"While We're Young" is a diamond-hard comedy about the worst time in a person's life: that moment when he (or she) looks in the mirror and no longer sees the hip young thing he (or she) still thinks is there.
It happens to all of us, and now it's Generation X's turn; it couldn't happen to a nicer or more deserving group of people. (That cruel laughter you hear is from all the gray-haired baby boomers in the audience.) In movies like "The Squid and the Whale" (2005) and "Greenberg" (2010), writer-director Noah Baumbach has proved a master at dissecting boho neuroses, and he further ups his game here, delivering a chatty, observant social farce that manages to be both sympathetic and utterly without pity.
For most of its running time, at least. Ben Stiller plays Josh, a struggling Manhattan documentary filmmaker, as if the character were Roger Greenberg's kinder, gentler, more socialized brother. He's a basket case but a functioning one, with a loving wife, Cornelia (Naomi Watts) and — real estate being identity in New York — a cozy, book-crammed apartment. Despite a film project that has consumed years of his life and is so intellectually high-pitched that only dogs and academics can understand it, Josh still believes, in his 40s, that he's relevant. The sap.
Yet he falls head over heels in love with a young couple who show up at one of his lectures, and so does Cornelia. Jamie (Adam Driver) and Darby (Amanda Seyfried) are in their 20s and blissfully, unselfconsciously hep. Baumbach has fun depicting their casual disdain for anything manufactured or new. A brilliant little montage shows the older couple using the technology — laptops, iPods, cellphone videos — they feel is their birthright while Jamie and Darby listen to vinyl records, write on manual typewriters, watch VHS tapes. Darby has a sideline in artisanal sorbet (this week's flavor, avocado and almond milk). When Josh can't remember the word "marzipan" and pulls out his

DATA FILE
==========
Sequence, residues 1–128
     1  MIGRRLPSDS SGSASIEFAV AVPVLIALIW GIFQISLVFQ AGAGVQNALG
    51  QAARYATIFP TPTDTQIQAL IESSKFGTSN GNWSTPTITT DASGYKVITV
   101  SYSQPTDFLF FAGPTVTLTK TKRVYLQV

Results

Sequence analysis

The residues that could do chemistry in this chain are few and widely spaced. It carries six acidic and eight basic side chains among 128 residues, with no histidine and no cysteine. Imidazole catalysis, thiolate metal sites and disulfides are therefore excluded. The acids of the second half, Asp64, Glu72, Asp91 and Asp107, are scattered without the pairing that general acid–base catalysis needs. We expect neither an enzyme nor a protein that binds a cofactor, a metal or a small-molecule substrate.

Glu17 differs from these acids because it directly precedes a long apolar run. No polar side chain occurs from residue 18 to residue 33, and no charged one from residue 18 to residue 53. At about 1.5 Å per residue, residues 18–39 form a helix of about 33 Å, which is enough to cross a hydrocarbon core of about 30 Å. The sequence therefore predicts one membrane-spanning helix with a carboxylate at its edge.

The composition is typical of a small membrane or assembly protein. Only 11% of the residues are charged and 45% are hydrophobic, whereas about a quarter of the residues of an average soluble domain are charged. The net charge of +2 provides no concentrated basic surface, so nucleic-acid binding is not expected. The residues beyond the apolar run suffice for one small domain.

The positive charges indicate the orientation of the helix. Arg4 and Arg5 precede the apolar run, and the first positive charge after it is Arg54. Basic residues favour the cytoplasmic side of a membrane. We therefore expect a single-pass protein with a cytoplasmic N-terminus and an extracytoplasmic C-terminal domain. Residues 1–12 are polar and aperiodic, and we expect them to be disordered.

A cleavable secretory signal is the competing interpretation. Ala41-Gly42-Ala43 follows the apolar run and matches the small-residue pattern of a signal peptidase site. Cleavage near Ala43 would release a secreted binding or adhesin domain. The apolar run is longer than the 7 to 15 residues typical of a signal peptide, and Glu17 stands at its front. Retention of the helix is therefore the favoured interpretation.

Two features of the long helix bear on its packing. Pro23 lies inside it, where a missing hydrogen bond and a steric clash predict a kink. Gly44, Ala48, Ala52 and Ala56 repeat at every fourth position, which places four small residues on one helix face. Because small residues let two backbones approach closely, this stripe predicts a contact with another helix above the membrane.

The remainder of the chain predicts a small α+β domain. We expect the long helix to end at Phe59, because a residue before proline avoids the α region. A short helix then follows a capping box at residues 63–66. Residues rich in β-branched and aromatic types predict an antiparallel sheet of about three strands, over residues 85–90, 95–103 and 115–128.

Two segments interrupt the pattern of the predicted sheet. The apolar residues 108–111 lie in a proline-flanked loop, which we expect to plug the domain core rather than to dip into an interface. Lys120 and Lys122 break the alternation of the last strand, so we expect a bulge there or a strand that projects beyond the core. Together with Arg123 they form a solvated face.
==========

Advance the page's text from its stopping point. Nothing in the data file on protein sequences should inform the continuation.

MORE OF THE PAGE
iPhone to look it up, Jamie says "Let's just not know what it is." Who wouldn't want to be like these people?
So Josh is soon wearing flea-market wingtips and hipster fedoras, and Cornelia has signed up for hip-hop exercise classes, and they're both riding bikes. Their friends, the ones their own age, are aghast. Maria Dizzia (the heroine's friend in "Orange Is the New Black") and Adam Horovitz (Beastie Boy Ad-Rock, all growed up) are grumpy and marvelous as new parents who can't fathom why their pals have started behaving like Gen-X mutton dressed as Millennial lambs.
Baumbach has something of an evil genius for casting. If Driver — the mercurial Adam of "Girls" — and Seyfried are solid as the incoming kids, Charles Grodin (the original "Heartbreak Kid") ruthlessly represents the boomers refusing to cede the stage. He plays Cornelia's father, a legendary documentarian in the Frederick Wiseman mold.
And who's that fubsy professor at the center of Josh's own never-ending film project? It's Peter Yarrow, minus his one-time singing partners Paul and Mary. Like Luke and Leia in the trash compactor, Josh and Cornelia are in danger of being crushed by generational cool on both sides.
Jamie's a filmmaker as well, at ease with the technical and ethical fluidities of social media, and he gradually sucks Josh into a documentary project involving Facebook friends and their various real lives. At a certain point, about two-thirds of the way in, "While We're Young" changes tone and direction; it becomes a more plot-driven movie and a lesser one, something along the lines of "All About Eve Goes to Williamsburg." It's still entertaining but with an edge of resentment, even finger wagging, that curdles the acerbic fun.
Baumbach, it turns out, may have his own blind spots. Is it just me, or does Josh's guilty attraction to the wide-eyed Darby carry echoes of the director's own collapsed marriage to actress Jennifer Jason Leigh and subsequent infatuation, real-life and cinematic, with then-20-something Greta Gerwig, star of his "Frances Ha" (2012) and upcoming "Mistress America"? Maybe that's irrelevant and maybe it ain't; don't forget that Baumbach's the filmmaker who repurposed his parents' divorce into "The Squid and the Whale." Or that he did it extremely well.
More to the point, "While We're Young" devolves, just a little, into a lecture about Kids These Days, one only partly softened by the director's wit and the fact that the lawn he's telling them to get off is New York City. Baumbach may be the sharpest social satirist of his generation — in some ways, he's a Woody Allen with clearer vision and fewer nervous tics — but the message of this droll, enjoyable bourgeois vaudeville can be boiled down to Father Knows Best.